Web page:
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Since World War II, the sub-Carpathian Mountain region once known as Maramarosh has remained "Judenrein" (free of Jews). Jewish Maramarosh lives on, however, through the contributions to scholarship and humanity of Maramarosh Holocaust survivors and their progeny, including Nobel laureate Elie Weisel and the Talmud scholar Professor David Halivni-Weiss. Maramarosh Shoah survivor and Talmud scholar Professor Elieser Slomovic here provides access to a collection of responsa literature, most of it out of print and previously available only or primarily in Yiddish. Through personal queries about how to live Torah-instructed lives and rabbinic responses, the reader is invited to enter the world of Jewish Maramarosh, where Hasidism flourished and rabbinic scholarship reflected human nobility manifested through the pragmatics of poverty and the dynamics of living closely with nature. Professor Slomovic, recognizing the fluidity and balance over time provided by Talmudic thought as exemplified through rabbinic teaching, invites the reader to join the discourse on the everyday life of everyday people.
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About the Author

Elieser Slomovic was a scholar of post-biblical and rabbinic literature and the Finkelstein Associate Professor of Rabbinics at the American Jewish University (formerly known as the University of Judaism). His published articles include "Toward an Understanding of the Formation of Historical Titles in the Book of Psalms" and "Toward an Understanding of the Exegesis of the Dead Sea Scrolls". Professor Slomovic passed away in 2005.

Reviews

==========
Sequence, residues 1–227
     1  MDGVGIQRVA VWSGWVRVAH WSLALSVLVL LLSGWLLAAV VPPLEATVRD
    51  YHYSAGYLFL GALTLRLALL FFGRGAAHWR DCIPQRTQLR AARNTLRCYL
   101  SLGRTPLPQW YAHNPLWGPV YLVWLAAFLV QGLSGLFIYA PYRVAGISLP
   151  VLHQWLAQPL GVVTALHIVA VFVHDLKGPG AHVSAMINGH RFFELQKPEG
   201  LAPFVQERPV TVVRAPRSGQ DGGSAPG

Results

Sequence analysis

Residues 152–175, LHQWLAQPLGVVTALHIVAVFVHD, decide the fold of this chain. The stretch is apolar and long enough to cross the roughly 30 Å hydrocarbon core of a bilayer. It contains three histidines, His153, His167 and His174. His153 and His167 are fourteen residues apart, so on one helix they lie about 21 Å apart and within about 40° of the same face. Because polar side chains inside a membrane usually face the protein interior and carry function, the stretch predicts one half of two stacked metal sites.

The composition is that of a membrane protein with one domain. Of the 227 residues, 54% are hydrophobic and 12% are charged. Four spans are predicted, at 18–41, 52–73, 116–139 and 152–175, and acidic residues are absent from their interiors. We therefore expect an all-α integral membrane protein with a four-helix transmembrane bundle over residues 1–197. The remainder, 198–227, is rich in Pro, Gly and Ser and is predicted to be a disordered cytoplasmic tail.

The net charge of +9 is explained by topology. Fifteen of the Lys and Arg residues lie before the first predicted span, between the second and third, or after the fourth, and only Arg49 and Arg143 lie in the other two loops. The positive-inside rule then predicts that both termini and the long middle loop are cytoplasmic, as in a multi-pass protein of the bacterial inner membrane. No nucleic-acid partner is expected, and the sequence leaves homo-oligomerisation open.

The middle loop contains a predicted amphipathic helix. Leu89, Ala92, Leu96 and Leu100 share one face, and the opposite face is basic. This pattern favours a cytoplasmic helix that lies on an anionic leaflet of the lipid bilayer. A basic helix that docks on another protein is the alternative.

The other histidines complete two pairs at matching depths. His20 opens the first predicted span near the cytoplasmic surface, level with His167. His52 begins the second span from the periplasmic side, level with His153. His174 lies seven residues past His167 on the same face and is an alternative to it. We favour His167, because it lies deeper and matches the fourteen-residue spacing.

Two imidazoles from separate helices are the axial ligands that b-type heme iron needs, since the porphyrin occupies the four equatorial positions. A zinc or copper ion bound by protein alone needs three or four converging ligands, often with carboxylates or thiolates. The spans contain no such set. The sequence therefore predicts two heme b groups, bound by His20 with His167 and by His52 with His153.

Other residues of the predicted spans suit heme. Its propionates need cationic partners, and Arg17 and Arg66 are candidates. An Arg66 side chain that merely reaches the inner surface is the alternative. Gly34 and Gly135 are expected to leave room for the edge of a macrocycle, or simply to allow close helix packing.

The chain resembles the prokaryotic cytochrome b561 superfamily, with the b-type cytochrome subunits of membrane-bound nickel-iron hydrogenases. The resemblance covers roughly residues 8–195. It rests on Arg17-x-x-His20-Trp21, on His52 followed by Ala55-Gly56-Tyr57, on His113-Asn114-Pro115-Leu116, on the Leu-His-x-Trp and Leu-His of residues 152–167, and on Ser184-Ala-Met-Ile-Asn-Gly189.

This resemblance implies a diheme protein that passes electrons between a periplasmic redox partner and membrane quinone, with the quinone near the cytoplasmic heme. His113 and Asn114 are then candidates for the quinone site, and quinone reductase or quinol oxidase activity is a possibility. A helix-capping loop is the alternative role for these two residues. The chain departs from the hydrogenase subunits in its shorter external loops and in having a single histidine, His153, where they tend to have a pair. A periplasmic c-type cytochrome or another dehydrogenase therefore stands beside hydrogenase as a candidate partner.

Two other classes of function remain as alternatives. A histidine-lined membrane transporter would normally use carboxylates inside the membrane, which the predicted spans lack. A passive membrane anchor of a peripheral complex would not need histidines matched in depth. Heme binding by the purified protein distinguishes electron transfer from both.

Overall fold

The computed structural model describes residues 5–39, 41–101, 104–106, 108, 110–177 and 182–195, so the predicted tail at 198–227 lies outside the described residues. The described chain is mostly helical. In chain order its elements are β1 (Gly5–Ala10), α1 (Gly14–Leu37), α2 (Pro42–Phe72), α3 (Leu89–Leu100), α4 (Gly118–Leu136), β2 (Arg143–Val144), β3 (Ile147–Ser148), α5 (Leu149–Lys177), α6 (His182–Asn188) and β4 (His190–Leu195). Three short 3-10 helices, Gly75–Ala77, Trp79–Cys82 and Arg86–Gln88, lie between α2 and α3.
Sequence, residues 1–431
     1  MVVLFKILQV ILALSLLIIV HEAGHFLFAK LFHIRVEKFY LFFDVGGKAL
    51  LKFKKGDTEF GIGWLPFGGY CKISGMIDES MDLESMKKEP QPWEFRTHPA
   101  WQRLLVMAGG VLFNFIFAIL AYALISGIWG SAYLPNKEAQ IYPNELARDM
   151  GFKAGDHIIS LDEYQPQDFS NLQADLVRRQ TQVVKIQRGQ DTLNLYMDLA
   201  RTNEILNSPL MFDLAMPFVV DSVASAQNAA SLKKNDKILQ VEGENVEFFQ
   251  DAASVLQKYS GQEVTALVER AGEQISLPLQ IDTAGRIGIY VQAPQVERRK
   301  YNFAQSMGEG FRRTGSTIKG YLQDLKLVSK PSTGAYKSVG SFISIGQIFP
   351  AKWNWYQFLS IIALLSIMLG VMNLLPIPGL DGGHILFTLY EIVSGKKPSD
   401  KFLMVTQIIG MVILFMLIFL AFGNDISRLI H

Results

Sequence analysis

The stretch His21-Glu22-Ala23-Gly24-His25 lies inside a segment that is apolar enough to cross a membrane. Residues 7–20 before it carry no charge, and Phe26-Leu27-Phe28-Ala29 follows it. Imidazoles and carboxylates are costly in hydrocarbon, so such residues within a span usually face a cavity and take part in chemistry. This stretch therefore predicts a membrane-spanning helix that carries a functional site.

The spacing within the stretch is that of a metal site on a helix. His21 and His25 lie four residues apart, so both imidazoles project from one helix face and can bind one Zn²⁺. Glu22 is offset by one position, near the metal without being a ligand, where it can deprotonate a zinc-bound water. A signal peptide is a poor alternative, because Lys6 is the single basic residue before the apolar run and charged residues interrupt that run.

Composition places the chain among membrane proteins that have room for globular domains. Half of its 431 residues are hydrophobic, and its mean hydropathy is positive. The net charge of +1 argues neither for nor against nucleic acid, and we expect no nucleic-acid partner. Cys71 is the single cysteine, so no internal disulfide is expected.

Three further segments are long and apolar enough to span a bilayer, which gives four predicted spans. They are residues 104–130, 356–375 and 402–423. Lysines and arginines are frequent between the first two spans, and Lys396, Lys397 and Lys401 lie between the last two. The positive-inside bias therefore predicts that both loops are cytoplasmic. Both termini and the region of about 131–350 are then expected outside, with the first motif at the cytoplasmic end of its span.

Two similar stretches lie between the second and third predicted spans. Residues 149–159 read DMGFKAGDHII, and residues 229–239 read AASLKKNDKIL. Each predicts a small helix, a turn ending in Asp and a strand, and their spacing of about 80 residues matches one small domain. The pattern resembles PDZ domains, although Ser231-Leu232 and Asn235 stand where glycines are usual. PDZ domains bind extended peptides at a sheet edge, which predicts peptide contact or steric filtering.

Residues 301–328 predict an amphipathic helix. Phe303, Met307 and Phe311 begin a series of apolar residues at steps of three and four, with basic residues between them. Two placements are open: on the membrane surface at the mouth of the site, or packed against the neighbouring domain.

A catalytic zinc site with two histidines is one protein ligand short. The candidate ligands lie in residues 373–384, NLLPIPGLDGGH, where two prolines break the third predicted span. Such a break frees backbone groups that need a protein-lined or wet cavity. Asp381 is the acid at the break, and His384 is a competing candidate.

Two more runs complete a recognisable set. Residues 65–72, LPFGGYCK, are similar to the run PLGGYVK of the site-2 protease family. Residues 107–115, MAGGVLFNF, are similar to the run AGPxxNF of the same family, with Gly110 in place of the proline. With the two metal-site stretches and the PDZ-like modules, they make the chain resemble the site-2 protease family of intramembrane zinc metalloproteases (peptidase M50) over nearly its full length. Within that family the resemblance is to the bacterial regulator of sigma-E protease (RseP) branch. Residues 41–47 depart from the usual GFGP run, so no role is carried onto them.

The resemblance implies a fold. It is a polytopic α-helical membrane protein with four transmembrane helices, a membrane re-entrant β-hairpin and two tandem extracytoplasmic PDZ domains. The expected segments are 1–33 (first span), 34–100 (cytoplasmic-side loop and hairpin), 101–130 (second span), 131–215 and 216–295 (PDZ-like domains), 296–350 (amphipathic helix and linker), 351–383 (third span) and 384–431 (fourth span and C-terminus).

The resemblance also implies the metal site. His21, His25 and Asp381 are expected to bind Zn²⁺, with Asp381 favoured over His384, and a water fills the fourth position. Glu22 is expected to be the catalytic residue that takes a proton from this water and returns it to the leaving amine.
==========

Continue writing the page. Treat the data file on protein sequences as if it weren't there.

In addition to being a scholarly work, this book is also a personal memoir. Known and little-known events fill its pages. . . . Essays, childhood memories from the ghetto and the camps, fascinating response problems both timeless and new, deeply moving meditations on faith and suffering, despair and hope, reflections and descriptions: they are all in this remarkable book, which can be described as a rewarding quest for both intellectual enrichment and nostalgic remembering. I recommend it to readers everywhere: it is a true gift. And a blessing too. Elie Wiesel, University Professor, Andrew W. Mellon Professor in the Humanities and Professor of Philosophy and Religion, Boston University He [Dr. Slomovic] knew that a proper history of Maramarosh Jewry from its conception was an almost impossible task. . . . He brought to it his knowledge of responsa literature and his erudition in the historical literature connected with Maramarosh. . . He is a cautious observer, working painstakingly to draw out the truth. You could almost feel his personality intruding into his research, soft, careful, and meticulous. One gets the feeling that he is treading on holy ground, never forgetting whom his is describing. Writing this history was not for him a secular activity, competing with studying Torah, but a holy endeavor that deserved religious attention. He embodied a rare combination of awe and thoroughness, distance and closeness, pain and satisfaction. This is a scholarly and a religious book combined. David Halivni, Professor (emeritus) of Classical Jewish Civilization, Columbia University "In addition to being a scholarly work, this book is also a personal memoir. Known and little-known events fill its pages. . . . Essays, childhood memories from the ghetto and the camps, fascinating response problems both timeless and new, deeply moving meditations on faith and suffering, despair and hope, reflections and descriptions: they are all in this remarkable book, which can be described as a rewarding quest for both intellectual enrichment and nostalgic remembering. I recommend it to readers everywhere: it is a true gift. And a blessing too."--Elie Wiesel, University Professor, Andrew W. Mellon Professor in the Humanities and Professor of Philosophy and Religion, Boston University "He [Dr. Slomovic] knew that a proper history of Maramarosh Jewry from its conception was an almost impossible task. . . . He brought to it his knowledge of responsa literature and his erudition in the historical literature connected with Maramarosh. . . He is a cautious observer, working painstakingly to draw out the truth. You could almost feel his personality intruding into his research, soft, careful, and meticulous. One gets the feeling that he is treading on holy ground, never forgetting whom his is describing. Writing this history was not for him a secular activity, competing with studying Torah, but a holy endeavor that deserved religious attention. He embodied a rare combination of awe and thoroughness, distance and closeness, pain and satisfaction. This is a scholarly and a religious book combined."--David Halivni, Professor (emeritus) of Classical Jewish Civilization, Columbia University

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